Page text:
Time-dependent first-principles computation of quantum many-body dynamics

  • 1.1 Quantum algorithm/Quantum compiler
  • 1.2 Quantum chemistry
Kenichi L. Ishikawa
Graduate School of Engineering
Takeshi Sato
Graduate School of Engineering
Associate Professor
We develop methods to solve the time-dependent Schrödinger equation for quantum many-body dynamics on classical and quantum computers, especially NISQ (Noisy Intermediate Scale Quantum) devices.
Atoms and molecules in a strong laser field. When irradiated by a strong laser pulse, atoms and molecules first undergo ionization and excitation. The electrons initially start moving in a short time interval, which subsequently induces nuclear motion. This results in a photochemical reaction. We are developing first-principles methods and programs to accurately simulate, observe, and eventually control such quantum mechanical movements of electrons and nuclei.
First-principles time-dependent wave function theory. In our original methods such as TD-CASSCF and TD-OCC, the full wave function is expanded in terms of Slater determinants. The expansion coefficients and the orbital functions are both propagated in time, which facilitates a description of multi-electron dynamics. We also develop a quantum/classical hybrid algorithm for the evolution of the total wave function (quantum) and individual orbital functions (classical) in near-termed NISQ devices.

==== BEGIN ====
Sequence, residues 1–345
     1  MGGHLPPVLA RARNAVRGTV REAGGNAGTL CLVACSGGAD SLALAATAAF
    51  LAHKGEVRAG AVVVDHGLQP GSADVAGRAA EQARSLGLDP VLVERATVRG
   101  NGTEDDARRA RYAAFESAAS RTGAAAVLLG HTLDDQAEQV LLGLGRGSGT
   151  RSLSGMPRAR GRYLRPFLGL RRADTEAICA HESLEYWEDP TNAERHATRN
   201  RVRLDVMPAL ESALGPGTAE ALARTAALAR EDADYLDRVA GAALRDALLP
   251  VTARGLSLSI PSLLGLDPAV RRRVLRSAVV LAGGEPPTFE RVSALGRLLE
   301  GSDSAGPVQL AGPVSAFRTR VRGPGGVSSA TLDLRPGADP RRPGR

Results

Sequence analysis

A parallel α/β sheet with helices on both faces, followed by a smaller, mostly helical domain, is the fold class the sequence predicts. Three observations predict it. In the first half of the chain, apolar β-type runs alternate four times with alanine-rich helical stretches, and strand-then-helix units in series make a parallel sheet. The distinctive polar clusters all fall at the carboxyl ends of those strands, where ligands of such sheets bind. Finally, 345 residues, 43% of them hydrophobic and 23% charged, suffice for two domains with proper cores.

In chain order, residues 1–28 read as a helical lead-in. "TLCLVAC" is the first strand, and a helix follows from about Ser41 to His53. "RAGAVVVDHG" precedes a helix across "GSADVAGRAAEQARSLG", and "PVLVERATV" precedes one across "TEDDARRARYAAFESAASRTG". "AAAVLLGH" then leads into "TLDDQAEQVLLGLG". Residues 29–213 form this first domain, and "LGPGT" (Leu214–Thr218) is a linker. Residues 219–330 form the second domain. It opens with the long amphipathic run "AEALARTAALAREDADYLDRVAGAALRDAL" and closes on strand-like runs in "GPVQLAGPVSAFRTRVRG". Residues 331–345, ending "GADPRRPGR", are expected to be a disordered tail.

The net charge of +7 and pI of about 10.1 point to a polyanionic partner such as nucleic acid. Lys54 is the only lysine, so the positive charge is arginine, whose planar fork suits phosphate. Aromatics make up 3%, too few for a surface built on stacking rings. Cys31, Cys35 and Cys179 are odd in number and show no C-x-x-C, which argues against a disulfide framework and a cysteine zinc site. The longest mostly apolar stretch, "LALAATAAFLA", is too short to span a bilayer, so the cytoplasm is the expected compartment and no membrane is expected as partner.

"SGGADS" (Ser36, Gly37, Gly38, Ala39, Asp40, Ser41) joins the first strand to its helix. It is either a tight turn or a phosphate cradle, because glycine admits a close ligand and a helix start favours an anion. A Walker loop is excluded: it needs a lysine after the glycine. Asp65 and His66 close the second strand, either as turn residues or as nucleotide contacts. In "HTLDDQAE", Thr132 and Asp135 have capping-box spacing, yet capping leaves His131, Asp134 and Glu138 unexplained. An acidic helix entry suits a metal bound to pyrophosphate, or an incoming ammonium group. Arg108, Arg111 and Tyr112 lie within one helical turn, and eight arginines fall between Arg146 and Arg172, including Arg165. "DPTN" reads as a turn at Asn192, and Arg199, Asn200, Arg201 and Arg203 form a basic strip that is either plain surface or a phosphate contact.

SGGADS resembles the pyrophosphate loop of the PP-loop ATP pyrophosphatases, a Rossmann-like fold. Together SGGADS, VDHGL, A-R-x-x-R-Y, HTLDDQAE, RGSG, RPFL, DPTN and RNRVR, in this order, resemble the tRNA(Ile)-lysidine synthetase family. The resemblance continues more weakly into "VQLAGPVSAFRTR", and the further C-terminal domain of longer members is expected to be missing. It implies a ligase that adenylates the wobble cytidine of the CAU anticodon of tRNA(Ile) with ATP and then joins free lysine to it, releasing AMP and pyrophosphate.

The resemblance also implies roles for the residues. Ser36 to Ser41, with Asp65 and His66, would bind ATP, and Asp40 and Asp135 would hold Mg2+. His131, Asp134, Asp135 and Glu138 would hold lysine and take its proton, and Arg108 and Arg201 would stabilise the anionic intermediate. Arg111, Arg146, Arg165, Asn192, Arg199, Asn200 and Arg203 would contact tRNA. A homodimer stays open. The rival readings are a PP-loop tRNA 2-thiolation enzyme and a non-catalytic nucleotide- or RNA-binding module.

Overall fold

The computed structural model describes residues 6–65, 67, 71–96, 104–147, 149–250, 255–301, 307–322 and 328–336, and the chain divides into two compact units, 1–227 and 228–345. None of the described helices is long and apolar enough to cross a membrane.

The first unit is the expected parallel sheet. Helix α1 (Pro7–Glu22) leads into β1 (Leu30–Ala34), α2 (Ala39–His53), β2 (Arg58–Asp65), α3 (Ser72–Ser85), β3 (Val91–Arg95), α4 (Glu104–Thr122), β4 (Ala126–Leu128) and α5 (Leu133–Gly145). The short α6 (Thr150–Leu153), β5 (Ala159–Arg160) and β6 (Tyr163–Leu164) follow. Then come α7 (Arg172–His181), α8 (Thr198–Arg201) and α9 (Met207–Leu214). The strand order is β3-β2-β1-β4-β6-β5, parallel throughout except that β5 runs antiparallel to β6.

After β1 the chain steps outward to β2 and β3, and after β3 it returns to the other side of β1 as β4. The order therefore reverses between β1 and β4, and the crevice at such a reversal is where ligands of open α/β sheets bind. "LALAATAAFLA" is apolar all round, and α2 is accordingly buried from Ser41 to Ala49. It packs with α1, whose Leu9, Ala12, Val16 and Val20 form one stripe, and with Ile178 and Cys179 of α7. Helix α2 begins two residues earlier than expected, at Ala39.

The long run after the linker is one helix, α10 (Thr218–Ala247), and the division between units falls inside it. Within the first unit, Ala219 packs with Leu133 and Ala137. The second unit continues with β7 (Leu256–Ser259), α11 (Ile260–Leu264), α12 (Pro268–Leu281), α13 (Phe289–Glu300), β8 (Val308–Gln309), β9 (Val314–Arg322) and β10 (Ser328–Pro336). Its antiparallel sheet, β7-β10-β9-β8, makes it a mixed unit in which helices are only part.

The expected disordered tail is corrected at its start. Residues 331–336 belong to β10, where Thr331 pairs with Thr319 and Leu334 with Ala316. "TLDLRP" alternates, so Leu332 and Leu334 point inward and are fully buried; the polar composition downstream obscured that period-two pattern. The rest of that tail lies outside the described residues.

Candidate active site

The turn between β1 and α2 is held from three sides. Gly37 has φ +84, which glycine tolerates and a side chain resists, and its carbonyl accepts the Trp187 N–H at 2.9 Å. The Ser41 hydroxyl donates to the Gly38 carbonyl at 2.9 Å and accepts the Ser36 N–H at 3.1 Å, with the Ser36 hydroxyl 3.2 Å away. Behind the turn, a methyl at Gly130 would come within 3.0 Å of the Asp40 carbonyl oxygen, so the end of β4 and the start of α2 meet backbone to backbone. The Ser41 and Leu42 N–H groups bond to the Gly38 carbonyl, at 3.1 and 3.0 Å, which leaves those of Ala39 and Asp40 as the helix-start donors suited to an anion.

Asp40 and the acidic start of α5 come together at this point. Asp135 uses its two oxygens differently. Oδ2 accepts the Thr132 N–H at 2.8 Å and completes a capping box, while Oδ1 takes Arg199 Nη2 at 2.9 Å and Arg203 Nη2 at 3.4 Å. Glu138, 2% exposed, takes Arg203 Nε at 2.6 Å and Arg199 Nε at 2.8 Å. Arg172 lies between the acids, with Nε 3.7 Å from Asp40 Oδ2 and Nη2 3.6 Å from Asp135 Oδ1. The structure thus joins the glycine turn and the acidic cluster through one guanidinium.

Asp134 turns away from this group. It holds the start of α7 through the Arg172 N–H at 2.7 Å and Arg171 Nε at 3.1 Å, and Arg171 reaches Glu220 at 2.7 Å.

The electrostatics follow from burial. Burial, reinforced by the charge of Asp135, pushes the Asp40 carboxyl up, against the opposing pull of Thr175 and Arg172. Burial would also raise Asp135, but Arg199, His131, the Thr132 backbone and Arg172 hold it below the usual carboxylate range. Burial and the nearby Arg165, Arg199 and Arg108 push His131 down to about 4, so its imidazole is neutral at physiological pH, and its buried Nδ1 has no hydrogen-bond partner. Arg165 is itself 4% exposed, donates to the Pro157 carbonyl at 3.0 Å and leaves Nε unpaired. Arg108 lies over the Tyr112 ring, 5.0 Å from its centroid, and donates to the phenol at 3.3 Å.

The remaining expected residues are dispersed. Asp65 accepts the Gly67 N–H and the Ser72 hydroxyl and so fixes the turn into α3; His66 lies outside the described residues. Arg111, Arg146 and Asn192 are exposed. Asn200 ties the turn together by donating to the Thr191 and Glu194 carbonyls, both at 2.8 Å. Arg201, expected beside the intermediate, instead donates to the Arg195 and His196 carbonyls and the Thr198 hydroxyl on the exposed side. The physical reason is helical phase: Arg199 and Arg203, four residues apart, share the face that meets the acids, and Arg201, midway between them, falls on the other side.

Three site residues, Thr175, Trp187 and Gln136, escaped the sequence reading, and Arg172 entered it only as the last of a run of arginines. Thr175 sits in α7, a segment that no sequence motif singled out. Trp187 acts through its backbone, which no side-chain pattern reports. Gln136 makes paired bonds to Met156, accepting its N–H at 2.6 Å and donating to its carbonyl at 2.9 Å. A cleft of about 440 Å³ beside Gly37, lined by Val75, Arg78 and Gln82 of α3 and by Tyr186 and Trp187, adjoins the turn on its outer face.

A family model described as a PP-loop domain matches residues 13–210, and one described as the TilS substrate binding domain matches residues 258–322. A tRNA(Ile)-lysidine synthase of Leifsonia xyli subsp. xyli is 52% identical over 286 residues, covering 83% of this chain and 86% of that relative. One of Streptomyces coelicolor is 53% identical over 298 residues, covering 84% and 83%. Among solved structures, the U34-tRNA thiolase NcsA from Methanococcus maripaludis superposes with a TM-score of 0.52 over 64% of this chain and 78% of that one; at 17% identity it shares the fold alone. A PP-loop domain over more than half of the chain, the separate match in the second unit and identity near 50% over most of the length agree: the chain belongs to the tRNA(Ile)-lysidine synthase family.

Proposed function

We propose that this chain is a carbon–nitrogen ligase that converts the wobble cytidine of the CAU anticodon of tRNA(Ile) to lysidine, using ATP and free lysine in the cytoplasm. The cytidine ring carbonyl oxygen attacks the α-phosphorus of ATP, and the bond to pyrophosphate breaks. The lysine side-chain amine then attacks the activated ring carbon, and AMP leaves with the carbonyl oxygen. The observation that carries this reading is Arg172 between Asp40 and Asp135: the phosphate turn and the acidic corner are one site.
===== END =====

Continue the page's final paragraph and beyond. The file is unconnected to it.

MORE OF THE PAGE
Related links

Research collaborators

Osaka University
QunaSys Inc.
University of Oslo (Norway)

Related publications

T. Sato, H. Pathak, Y. Orimo, K. L. Ishikawa, J. Chem. Phys. 148, 051101 (2018).
T. Sato and K. L. Ishikawa, Phys. Rev. A 91. 023417 (2015).


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